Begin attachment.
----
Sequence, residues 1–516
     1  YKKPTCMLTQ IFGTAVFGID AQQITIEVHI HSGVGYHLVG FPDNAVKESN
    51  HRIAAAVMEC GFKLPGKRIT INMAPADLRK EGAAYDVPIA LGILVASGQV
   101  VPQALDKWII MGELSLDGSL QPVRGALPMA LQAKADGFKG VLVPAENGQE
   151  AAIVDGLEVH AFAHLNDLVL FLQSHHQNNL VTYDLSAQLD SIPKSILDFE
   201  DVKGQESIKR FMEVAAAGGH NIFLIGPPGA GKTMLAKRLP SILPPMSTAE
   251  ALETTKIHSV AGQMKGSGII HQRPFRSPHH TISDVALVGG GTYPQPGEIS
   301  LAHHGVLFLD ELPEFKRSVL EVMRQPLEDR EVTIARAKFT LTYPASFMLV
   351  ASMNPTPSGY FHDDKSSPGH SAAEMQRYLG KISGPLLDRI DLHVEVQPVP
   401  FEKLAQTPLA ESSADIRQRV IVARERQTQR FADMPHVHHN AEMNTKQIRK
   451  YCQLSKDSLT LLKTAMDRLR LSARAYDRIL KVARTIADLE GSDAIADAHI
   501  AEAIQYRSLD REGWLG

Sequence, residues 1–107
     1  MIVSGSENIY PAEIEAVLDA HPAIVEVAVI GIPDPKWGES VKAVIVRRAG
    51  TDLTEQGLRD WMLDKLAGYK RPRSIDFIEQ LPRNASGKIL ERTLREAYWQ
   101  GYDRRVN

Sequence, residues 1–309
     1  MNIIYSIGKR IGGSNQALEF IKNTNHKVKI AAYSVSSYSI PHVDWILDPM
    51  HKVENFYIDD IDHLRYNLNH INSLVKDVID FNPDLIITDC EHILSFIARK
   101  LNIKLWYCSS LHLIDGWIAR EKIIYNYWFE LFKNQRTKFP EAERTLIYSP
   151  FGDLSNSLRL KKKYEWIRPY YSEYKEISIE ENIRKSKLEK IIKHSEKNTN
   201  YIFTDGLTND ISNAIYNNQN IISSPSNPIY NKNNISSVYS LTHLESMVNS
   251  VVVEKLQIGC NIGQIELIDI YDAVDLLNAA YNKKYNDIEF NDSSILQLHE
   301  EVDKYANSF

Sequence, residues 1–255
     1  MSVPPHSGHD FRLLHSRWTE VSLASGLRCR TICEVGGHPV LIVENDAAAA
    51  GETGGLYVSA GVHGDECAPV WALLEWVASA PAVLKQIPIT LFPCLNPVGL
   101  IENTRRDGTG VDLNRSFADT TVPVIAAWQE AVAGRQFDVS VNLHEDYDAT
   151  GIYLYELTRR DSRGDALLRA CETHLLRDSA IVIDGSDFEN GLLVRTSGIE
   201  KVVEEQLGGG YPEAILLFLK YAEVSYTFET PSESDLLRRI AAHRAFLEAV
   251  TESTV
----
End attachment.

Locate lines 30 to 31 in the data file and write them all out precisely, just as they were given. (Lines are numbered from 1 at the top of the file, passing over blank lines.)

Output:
   201  KVVEEQLGGG YPEAILLFLK YAEVSYTFET PSESDLLRRI AAHRAFLEAV
   251  TESTV